Keeping up with the pace of technology is tough — but you might not have to. There’s always an allure to having the latest version of the newest product. But your organization probably has technology that’s not being used to its fullest potential.
It’s tempting to bring in shiny new solutions to solve your issues. But you should take a look at the resources you already have. Especially before spending more time, money, and effort toward something that may not be a complete fix.
Here are some questions to ask yourself before changing up your company’s technology.
1. Can your current tools do what you need?
Before shopping for the products newest bells and whistles, it’s important to take a good look at what you already have. After all, the first step to solving an issue is defining it. What are your current frustrations? After a deep dive, you might discover the hardware and software you’re already using in day-to-day operations isn’t used to its full capacity.
For example, the Microsoft 365 suite of products has many underutilized components that go beyond Excel and Powerpoint. Training your users is one way to get more out of your existing productivity software. Microsoft is always making tweaks to their products based on what users ask for. There’s a reason IT certifications expire.
If you decide you need to make more drastic changes, be sure you’re getting the most bang for your buck. Take a look at what’s out there by scouring industry publications and forums. It’s possible that your current tech will suffice. You’ll quickly learn that keeping up with current tech trends isn’t as difficult or time-consuming as you think.
2. Has your org fully adopted the cloud?
You should look at any hardware purchase for infrastructure with skepticism. It’s likely that there’s an IaaS product out there that virtualizes the task or physical item.
A 2017 survey found 80 percent of businesses plan to increase cloud management services. There is no doubt your employees will be happier knowing they’re using the most up-to-date technology. Having the ability to access work information from anywhere using file-sharing tools is a huge benefit.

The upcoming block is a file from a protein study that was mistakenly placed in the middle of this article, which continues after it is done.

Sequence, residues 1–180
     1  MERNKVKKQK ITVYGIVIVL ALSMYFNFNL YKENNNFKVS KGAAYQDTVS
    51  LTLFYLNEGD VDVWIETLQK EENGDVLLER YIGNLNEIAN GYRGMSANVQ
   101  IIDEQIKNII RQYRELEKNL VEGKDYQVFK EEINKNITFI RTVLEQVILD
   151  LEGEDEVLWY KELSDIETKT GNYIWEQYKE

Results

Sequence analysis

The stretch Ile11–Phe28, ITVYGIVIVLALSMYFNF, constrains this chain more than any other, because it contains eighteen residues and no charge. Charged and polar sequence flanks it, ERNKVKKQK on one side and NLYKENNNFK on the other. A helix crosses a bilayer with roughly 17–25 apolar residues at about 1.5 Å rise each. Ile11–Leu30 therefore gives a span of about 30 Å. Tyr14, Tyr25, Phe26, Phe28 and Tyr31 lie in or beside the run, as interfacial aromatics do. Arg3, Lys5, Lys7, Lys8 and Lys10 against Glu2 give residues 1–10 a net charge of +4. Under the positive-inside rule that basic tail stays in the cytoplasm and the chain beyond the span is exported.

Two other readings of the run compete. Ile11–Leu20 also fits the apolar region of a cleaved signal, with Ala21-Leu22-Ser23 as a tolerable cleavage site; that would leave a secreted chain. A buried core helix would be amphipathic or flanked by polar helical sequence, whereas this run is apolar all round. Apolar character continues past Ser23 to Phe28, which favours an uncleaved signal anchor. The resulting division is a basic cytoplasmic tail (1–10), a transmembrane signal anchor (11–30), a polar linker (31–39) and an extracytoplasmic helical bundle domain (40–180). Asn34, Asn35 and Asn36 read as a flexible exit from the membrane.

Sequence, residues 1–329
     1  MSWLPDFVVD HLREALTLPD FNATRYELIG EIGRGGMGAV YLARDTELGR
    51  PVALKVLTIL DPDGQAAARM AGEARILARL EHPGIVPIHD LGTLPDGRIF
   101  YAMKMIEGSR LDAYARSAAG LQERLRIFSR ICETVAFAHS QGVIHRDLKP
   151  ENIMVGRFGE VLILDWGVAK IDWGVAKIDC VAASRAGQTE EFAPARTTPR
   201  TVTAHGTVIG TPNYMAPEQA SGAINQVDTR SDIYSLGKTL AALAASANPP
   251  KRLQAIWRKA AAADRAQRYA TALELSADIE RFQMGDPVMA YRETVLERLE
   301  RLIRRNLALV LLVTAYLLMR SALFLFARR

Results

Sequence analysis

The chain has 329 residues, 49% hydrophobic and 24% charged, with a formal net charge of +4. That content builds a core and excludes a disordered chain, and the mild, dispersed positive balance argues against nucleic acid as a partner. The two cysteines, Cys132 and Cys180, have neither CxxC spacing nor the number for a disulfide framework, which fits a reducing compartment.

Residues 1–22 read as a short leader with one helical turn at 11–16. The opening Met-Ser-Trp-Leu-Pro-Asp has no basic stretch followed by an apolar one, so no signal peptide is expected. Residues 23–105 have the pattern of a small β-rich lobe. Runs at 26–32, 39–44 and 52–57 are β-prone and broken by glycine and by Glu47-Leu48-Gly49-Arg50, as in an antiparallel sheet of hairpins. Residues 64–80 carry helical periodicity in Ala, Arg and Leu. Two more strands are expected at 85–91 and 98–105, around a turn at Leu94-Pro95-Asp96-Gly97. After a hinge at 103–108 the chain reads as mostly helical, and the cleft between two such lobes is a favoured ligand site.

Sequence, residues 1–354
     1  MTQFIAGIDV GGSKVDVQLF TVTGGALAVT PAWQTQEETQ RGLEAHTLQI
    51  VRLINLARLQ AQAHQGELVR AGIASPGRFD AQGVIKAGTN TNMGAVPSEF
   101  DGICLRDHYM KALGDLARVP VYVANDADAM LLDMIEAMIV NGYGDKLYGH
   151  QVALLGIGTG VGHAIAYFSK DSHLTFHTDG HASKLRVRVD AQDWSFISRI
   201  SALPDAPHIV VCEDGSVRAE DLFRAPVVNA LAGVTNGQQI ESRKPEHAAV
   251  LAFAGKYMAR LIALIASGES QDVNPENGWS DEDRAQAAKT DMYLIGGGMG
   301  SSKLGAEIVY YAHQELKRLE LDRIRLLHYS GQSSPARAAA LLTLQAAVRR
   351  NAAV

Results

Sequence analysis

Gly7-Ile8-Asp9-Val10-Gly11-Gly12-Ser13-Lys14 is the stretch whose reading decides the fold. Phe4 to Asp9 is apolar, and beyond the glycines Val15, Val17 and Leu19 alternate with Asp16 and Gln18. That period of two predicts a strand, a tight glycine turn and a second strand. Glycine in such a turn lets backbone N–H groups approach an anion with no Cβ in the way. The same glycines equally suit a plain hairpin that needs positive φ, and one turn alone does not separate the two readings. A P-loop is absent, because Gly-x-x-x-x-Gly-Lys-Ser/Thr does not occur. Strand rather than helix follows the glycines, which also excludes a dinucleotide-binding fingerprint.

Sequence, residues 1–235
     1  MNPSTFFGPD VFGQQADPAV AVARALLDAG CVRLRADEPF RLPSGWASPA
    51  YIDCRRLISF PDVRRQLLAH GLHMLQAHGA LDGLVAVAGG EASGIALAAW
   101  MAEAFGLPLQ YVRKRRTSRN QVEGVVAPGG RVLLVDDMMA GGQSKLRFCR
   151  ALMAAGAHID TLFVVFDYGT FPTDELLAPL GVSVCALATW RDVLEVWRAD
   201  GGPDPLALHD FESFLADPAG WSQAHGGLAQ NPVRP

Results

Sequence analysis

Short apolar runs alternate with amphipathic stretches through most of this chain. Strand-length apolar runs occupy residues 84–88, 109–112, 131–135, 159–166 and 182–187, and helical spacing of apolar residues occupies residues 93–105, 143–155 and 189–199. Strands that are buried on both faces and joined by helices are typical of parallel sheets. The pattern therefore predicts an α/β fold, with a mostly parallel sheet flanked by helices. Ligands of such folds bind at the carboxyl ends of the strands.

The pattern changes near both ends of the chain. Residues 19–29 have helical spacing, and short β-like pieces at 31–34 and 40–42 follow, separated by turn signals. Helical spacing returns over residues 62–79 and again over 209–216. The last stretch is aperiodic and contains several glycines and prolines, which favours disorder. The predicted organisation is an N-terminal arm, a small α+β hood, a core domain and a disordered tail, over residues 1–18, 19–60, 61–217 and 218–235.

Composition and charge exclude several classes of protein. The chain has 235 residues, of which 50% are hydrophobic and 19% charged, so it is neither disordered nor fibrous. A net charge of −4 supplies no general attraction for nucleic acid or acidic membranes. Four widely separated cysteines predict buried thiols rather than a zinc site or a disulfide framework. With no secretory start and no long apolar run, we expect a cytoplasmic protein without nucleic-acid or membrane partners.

One of the most important reasons to make the switch comes down to cost. If you have a shrinking IT budget, the cloud presents a cost-saving option that adds efficiency and scalability to your business. The amount of money your company would save in maintenance and energy costs alone make the decision an easier one.
3. Does a solution exist in your company already?
Before purchasing a new technology, it’s important to talk to other teams. It’s possible they’re already using a platform or service that has room for more users.
Particularly in large companies, divisions or teams purchase software a la carte. There’s probably a team that’s using a solution in your company. In these cases, it’s probably cheaper to hitch up to an existing account rather than find a new product. Even smaller companies are shockingly siloed, so ask around. There’s an added bonus if you can find a good internal solution — you can talk to the people who currently use the product.
For the biggest collaboration platforms out there, like Jira and Salesforce, they have massive application libraries. By bolting one of the purpose-built apps onto the system everyone else is already using, you’ll be able to hit the ground running.
Taking the next step
Now that you know what to ask yourself, find out which components of your business are most in need of a technological facelift. Before implementing any changes, make sure you understand how to roll out the new technology to ensure the transition is a success.